a–g, C57BL/6J mice were immunized with an emulsion containing MOG35–55, CFA and PTX (a), MOG35–55, CFA, PTX and SP (b), or MOG35–55, CFA, PTX and influenza peptide (e). Spleen and LN cells were isolated from mice ten days after immunization, and cells were enriched for CD4+ or CD8+ T cells or APCs by FACS. CD4+ T cells from MOG-immunized mice were labelled with CellTrace Violet (CTV) and co-cultured with APCs from MOG-immunized mice in the absence (a) or presence of CD8+ T cells from wild-type mice (c) or mice immunized with MOG plus SP (b), CFA plus PTX (d), MOG plus influenza peptide (e), or CD8+ T cells from perforin-knockout (PFNKO) mice immunized with MOG plus SP (f). g, CTV-labelled CD4+ T cells from mice immunized with MOG35–55, CFA plus PTX were co-cultured with CD8+ T cells from mice immunized with MOG35–55, CFA, PTX plus SP in the presence of anti-Qa-1b antibody (10 μg ml−1). h, CTV-labelled CD4+ T cells from mice immunized with OVA329–337, CFA plus PTX were co-cultured with CD8+ T cells from mice immunized with MOG35–55, CFA, PTX plus SP. Seven days after co-culture, cells were washed and stained with surface markers and analysed for CD4+ T cell proliferation (CTV dilution). Representative data are from two independent experiments. i, C57BL/6J mice were immunized with MOG35–55, CFA, PTX plus SP (n = 10) and ten days after immunization spleen and LN cells were isolated, stained and enriched for CD8+ T cells followed by FACS for Ly49+ and Ly49− cells. Sorted Ly49+ and Ly49− cells were adoptively transferred (8 million cells per mouse) to C57BL/6J mice (n = 5 mice per group) at the time of immunization. The clinical scores after adoptive transfer and immunization are shown. ****P < 0.0001, regression analysis with two-way ANOVA followed by Bonferroni post hoc multiple comparison test. Data are mean ± s.e.m. and representative of two independent experiments. j, In the wild-type, untreated mouse eye, the retina shows a normal laminar pattern and there are no leukocytes in the vitreous. k, After subcutaneous injection of IRBP peptide antigen, there was only a mild inflammatory response in 40% of eyes with activated leukocyte invasion of the vitreous (red arrow) and mild disruption of the retina outer nuclear layer photoreceptors (black arrow). l, After subcutaneous injection of both IRBP and SP there was a severe inflammatory response in 80% of eyes with activated leukocyte invasion of the vitreous (red arrows) and severe disruption of the retina photoreceptors (black arrows). INL, inner nuclear layer; IPL, inner plexiform layer; ONL, outer nuclear layer; OPL, outer plexiform layer; RGC, retinal ganglion cell layer; RPE, retinal plexiform layer. Five C57BL/6J mice were examined for each condition. EAU was induced, and mice were euthanized on day 21 after immunization. Mouse eyes were enucleated, fixed and pupil-optic nerve sections were examined by histology. m–o, C57BL/6J mice were immunized with IRBP, CFA and PTX with or without SP. Spleen and LN cells were isolated from mice 10 days after immunization, and cells were enriched for CD4+ or CD8+ T cells, or APCs by FACS. CTV-labelled CD4+ T cells from IRBP-immunized mice were co-cultured with APCs from IRBP-immunized mice and purified Ly49− T cells (n), Ly49+ T cells (o) or without CD8+ T cells (m) from mice immunized with IRBP and SP. Seven days after co-culture, cells were washed and stained with surface markers and analysed for CD4+ T cell proliferation. Source data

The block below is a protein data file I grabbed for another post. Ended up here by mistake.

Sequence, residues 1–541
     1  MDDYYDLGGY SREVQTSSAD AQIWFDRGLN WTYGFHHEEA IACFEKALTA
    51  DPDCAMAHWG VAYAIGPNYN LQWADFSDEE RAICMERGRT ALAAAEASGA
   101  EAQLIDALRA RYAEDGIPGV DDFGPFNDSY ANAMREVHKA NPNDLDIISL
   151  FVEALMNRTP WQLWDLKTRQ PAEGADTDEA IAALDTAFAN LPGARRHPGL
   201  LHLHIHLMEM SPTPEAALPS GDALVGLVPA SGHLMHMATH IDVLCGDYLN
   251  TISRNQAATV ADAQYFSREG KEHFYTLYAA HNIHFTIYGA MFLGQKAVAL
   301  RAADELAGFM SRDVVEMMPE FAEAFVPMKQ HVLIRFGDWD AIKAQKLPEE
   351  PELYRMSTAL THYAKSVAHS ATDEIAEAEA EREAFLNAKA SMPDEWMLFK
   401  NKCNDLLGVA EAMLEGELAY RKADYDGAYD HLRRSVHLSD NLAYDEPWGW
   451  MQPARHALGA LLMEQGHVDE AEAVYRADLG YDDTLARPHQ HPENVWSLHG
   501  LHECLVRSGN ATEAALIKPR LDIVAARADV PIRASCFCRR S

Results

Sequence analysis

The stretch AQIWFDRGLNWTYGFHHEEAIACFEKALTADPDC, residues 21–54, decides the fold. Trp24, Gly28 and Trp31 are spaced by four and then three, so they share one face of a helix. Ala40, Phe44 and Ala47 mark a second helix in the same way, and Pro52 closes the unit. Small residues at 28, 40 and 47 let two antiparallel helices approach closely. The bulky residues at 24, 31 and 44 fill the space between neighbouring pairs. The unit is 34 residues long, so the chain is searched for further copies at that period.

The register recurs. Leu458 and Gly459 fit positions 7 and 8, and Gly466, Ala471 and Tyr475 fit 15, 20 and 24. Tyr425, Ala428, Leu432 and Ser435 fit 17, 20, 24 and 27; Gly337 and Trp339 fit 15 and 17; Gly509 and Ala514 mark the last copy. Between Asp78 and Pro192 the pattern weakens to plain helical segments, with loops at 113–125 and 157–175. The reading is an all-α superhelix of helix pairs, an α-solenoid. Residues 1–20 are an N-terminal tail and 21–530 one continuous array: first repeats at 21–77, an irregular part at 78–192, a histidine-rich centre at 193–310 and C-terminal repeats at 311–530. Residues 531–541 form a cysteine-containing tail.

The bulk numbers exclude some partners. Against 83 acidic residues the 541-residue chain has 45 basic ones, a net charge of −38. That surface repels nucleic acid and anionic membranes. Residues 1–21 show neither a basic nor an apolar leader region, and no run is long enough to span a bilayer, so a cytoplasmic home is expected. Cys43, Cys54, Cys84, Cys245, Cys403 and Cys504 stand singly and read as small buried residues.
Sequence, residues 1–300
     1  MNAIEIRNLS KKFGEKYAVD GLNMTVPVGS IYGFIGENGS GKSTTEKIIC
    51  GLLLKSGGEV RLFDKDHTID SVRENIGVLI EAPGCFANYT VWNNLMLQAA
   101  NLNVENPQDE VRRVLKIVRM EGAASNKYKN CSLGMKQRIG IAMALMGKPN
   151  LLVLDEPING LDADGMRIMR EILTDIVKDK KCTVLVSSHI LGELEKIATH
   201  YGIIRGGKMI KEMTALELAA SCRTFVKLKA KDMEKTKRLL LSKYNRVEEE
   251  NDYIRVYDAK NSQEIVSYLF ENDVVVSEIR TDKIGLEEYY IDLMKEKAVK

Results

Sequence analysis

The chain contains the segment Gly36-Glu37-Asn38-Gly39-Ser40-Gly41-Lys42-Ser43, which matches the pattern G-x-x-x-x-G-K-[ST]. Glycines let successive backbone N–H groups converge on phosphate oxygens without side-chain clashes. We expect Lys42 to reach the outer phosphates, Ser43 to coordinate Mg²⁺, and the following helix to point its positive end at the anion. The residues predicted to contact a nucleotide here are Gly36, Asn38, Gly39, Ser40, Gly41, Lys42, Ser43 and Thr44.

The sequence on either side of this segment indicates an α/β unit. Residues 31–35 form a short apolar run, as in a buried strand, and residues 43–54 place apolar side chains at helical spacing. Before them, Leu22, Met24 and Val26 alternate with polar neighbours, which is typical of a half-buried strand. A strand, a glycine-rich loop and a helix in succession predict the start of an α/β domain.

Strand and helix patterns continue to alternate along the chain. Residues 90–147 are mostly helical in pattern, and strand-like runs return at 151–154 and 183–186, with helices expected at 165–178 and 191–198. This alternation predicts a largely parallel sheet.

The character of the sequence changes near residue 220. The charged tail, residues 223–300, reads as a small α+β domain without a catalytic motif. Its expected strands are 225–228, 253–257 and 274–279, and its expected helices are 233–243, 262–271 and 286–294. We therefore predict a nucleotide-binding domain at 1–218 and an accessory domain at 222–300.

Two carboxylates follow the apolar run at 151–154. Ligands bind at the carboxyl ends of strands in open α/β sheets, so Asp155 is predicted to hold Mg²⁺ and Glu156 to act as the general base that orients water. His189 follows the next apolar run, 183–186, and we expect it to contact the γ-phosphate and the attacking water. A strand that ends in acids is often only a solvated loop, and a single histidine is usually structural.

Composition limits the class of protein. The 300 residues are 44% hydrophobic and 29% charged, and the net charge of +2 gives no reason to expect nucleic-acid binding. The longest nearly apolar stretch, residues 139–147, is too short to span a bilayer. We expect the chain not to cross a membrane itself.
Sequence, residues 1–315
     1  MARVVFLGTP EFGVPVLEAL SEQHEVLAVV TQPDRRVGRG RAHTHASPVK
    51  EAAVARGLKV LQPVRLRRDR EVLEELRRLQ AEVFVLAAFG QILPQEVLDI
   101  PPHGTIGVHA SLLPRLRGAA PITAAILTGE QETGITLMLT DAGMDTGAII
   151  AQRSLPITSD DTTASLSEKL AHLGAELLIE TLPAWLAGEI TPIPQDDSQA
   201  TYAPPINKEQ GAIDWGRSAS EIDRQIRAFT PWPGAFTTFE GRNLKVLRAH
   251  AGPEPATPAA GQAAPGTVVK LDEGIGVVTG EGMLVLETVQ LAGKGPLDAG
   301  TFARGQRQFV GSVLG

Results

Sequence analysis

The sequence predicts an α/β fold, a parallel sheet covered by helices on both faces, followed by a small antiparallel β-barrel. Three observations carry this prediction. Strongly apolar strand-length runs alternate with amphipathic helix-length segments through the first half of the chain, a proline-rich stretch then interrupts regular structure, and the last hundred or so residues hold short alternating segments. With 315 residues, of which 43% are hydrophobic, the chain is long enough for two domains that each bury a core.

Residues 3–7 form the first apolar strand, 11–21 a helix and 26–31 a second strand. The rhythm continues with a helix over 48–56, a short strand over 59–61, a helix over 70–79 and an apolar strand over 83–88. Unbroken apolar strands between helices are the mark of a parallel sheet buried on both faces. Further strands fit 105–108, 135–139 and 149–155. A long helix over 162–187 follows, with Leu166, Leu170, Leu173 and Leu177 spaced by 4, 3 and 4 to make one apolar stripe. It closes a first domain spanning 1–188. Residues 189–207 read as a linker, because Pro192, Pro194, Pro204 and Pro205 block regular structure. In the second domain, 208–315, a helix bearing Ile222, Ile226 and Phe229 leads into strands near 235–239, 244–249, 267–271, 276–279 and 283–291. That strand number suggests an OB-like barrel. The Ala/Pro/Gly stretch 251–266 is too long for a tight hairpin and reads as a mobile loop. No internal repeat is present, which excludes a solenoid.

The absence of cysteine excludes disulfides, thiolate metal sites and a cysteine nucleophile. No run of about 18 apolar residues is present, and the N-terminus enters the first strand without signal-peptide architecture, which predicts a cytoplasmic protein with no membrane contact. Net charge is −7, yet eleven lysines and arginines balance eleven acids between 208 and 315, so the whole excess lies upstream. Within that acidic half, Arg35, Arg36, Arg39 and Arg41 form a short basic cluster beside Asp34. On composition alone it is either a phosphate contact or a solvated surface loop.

C57BL/6J mice were immunized with SP, CFA and PTX (n = 3). Spleen and LN cells were isolated from D10 mice, and enriched for CD8+ T cells by FACS and sorting for Ly49− and Ly49+ cells, followed by bulk RNA-seq analysis. a, A heat map of differentially expressed genes (log2-transformed fold change > 2, and adjusted P < 0.005) in Ly49+/Ly49− RNA-seq samples. Columns show samples, and rows and columns are ordered based on hierarchical clustering. Normalized gene expression values are centred for each gene by subtracting the average value of all samples from each sample value (2–3 mice per group). b, Gene Ontology enrichment analysis of differentially expressed genes (log2-transformed fold change > 2, and two-tailed Benjamini–Hochberg adjusted P < 0.005 from DESeq2) between Ly49+ and Ly49− RNA-seq samples. The y axis represents the top-30 enriched Gene Ontologies (genes from Gene Ontologies highlighted in green are in Supplementary Table 6). The x-axis value is the fraction of genes in that ontology that are differentially expressed. The colour of the dot represents that significance of the Gene Ontology enrichment (one-tailed Fisher’s exact test), and the size of the dot represents the number of genes differentially expressed. The plot was made with the R package clusterProfiler. c, Volcano plot representing gene-expression differences between the Ly49+ and Ly49− samples (three mice per group). Each point is a gene. List of genes specifically expressed in CD4+ T regulatory cells25 are coloured red if they are expressed in both MOG and SP RNA-seq samples, and green if not. The horizontal dotted line is made at −log10(0.05), and the two vertical dotted lines represent a fold change of log2(2). Genes with a negative fold change are highly expressed in Ly49+ cells.